# Calculate pressure in liquids

How do you calculate the pressure in fluids, for example water? With gases, you can use the ideal gas law, is there some similar formula to calculate the pressure for liquids?

HallsofIvy
Homework Helper
The pressure a fluid exerts upon a surface at depth, d, below the surface of a liquid, $\gamma$ is the density of the fluid times d, $d\gamma$. That comes from calculating the weight of a column of water of base area $\Delta A$ and height d (that is, of course, $\gamma\Delta A d$). The pressure is that force divided by the area: $\gamma\Delta A d/\Delta A= \gamma d$.

To be exact, you should add the air pressure on the surface of the liquid but that is typically much smaller than the pressure of the liquid itself.

Thanks, but I'm more looking for the pressure of the liquid as a function of the density and the temperature, and then some liquid dependent variables. Is there such a formula? This of course supposes that no liquid is really incompressible.

To be exact, you should add the air pressure on the surface of the liquid but that is typically much smaller than the pressure of the liquid itself.

Really? The air pressure at sea level corresponds to going down 10 meters in the water, I think that is quite much!

The pressure at a depth d is given by P=d*densityof liquid* g+atmospheric pressure
(g=acceleration due to earths gravity).Of course the density depends upon the liquid and its temperature.

That is not what I mean. At deeper levels, the density is higher; this is what causes the higher pressure. When you do flow calculations, you need to be able to calculate the pressure as a function of the density, since the pressure is different in different locations at the same depth if the water is turbulent.

You will find some charts that may be useful if you google Density of Fluids-Changing Pressure and Temperature.

I'm not sure I see just what you are trying to do, but maybe what you're looking for is the "Thermodynamic & Transport Properties of Water" aka the steam tables. You'd need the subcooled portion (as opposed to the saturated tables). Using the tables, if you know two values (say pressure & temp, or pressure & enthalpy, or temperature & density) you can look up the others. There are several free versions on the internet, and proprietary versions by NIST and ASME.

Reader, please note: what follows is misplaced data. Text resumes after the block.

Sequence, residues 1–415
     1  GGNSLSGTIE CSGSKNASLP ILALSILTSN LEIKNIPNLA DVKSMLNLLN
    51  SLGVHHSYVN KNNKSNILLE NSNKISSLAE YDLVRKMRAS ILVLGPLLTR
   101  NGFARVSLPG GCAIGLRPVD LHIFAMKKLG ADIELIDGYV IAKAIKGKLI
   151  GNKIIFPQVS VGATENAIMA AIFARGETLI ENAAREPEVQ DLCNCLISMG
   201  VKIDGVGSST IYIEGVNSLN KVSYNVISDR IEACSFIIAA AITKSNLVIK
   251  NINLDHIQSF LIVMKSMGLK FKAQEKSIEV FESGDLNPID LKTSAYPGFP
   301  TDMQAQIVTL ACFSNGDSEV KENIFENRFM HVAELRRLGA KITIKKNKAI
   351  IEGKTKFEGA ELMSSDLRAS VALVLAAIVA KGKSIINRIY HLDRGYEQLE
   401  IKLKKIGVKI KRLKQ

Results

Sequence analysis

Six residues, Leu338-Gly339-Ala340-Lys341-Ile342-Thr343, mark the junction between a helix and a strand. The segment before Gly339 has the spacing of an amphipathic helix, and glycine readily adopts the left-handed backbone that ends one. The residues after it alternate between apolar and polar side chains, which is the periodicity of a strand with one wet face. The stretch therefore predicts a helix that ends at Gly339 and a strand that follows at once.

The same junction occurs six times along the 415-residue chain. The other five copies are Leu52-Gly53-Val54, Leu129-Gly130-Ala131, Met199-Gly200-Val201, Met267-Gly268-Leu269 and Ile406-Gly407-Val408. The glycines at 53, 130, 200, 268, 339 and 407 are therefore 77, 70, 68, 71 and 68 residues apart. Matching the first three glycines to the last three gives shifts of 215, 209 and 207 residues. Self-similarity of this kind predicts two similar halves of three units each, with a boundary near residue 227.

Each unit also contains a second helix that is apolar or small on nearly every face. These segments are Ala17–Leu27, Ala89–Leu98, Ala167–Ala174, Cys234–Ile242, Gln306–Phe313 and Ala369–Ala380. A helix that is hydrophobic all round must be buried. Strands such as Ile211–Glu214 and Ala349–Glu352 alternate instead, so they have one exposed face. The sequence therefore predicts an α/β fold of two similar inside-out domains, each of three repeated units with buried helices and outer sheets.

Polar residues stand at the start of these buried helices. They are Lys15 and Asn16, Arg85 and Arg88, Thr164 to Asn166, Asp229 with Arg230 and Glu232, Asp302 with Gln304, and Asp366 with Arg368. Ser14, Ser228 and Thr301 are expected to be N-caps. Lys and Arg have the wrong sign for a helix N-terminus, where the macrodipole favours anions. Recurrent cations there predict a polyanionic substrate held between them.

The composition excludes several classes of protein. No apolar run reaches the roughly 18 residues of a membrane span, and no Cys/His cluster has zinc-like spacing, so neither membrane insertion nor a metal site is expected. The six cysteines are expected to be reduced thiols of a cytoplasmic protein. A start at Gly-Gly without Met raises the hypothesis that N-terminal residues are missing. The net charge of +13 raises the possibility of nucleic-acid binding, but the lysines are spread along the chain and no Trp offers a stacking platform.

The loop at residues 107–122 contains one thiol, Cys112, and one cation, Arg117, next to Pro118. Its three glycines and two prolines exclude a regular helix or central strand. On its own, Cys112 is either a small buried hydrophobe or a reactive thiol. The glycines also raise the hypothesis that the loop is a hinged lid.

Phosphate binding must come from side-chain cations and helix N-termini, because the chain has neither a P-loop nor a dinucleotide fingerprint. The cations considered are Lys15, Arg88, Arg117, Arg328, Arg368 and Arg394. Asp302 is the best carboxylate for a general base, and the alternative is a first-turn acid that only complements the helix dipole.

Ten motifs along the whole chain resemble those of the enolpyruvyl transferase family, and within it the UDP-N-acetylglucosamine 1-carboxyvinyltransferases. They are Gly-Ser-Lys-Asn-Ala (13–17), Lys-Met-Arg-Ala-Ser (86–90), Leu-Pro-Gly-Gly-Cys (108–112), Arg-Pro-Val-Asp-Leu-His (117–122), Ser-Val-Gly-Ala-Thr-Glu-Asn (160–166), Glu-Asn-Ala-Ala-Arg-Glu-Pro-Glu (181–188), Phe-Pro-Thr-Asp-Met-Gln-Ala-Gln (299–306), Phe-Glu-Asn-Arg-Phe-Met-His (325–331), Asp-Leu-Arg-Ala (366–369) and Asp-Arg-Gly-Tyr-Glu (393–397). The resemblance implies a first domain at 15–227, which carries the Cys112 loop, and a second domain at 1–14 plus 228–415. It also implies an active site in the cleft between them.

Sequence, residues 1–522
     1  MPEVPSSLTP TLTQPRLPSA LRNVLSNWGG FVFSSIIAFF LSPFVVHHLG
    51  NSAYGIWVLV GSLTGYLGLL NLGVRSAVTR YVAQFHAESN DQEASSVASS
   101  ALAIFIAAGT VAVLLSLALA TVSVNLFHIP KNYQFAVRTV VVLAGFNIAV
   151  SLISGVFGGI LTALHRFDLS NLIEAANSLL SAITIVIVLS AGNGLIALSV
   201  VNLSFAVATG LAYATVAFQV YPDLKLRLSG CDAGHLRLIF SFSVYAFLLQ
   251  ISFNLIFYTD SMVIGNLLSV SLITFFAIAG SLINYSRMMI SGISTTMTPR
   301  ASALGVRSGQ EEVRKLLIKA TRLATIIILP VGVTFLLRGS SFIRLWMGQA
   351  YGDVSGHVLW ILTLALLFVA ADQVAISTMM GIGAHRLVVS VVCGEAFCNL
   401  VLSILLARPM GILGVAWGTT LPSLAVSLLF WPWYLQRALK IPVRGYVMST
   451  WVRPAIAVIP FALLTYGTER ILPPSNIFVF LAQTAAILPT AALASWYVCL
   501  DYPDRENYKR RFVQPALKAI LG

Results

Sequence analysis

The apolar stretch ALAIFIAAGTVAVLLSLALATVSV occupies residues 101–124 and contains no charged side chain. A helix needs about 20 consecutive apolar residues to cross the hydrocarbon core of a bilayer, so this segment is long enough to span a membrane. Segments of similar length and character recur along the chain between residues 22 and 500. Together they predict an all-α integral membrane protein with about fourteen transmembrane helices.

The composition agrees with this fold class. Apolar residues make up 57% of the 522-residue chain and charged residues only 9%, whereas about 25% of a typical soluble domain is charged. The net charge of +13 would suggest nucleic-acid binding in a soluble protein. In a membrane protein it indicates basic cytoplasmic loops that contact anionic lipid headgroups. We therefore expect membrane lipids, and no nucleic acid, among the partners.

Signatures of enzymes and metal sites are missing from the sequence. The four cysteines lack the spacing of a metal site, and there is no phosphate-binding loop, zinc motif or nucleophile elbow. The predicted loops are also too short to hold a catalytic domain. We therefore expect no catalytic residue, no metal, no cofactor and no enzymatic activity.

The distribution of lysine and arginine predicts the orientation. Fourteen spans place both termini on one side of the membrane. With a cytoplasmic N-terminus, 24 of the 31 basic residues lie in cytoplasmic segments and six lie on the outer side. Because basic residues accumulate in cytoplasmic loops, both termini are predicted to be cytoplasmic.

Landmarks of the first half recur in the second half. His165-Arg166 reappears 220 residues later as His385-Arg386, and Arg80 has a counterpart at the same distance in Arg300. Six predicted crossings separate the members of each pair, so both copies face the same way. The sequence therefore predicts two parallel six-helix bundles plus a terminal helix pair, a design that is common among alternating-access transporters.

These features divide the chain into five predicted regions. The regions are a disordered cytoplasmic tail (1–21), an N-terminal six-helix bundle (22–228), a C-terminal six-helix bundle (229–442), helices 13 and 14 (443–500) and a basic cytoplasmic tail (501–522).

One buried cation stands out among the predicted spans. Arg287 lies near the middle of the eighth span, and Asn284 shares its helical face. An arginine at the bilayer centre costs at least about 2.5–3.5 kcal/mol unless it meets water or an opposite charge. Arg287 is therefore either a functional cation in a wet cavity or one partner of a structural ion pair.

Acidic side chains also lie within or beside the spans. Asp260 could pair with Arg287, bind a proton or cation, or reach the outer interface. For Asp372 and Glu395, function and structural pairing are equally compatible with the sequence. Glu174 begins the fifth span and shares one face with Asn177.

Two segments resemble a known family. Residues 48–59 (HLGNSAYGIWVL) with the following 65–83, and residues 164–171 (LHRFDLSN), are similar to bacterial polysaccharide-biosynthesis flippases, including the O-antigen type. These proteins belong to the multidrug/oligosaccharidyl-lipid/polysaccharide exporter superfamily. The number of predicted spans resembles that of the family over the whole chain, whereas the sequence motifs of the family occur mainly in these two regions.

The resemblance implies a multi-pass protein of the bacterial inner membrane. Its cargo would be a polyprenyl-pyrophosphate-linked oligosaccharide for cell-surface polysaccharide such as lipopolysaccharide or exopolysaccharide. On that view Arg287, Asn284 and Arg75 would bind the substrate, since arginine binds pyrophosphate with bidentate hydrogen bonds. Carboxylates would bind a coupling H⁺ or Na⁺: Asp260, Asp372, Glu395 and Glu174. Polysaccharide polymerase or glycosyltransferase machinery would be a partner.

Astronuc
Staff Emeritus
That is not what I mean. At deeper levels, the density is higher; this is what causes the higher pressure. When you do flow calculations, you need to be able to calculate the pressure as a function of the density, since the pressure is different in different locations at the same depth if the water is turbulent.
Under what fluid conditions is one interested?

Is one looking for pressure in the atmosphere, for which there is ample data and equations?

Is one looking for pressure in a body of water such as a lake, river, sea or ocean? In this case, the pressure at sea level is taken at 1 atm (~14.7 psia, 0.101325 MPa) absolute. In the water, the pressure increases with depth due to the overlying mass. Similarly, in the atmosphere, pressure decrease with altitude as the overlying mass decreases with altitude.

One can also have a closed (forced convection) system, e.g. a pressurized coolant system in a power plant which might operate at 3000-3500 psia, or 2250 psia (typical of a pressurized water reactor primary system), or 1050 psia (typically of a boiling water reactor primary system). Usually the pressure is regulated by an accumulator. Within the closed loop the differential pressure might be something like 25-30 psid (differential pressure).

The composition of the fluid, the thermodynamics of the system and boundary conditions determine the pressure. Equations or models are availablel for a wide range of fluids (liquids and vapors/gases).

Andy Resnick
That is not what I mean. At deeper levels, the density is higher; this is what causes the higher pressure. When you do flow calculations, you need to be able to calculate the pressure as a function of the density, since the pressure is different in different locations at the same depth if the water is turbulent.

Are you asking for constitutive relationships $$\rho(P,T)$$? I don't think there is a first-principles one for any liquid, but there are several models:

http://pubs.acs.org/doi/abs/10.1021/ie50574a048
http://www.engineeringtoolbox.com/fluid-density-temperature-pressure-d_309.html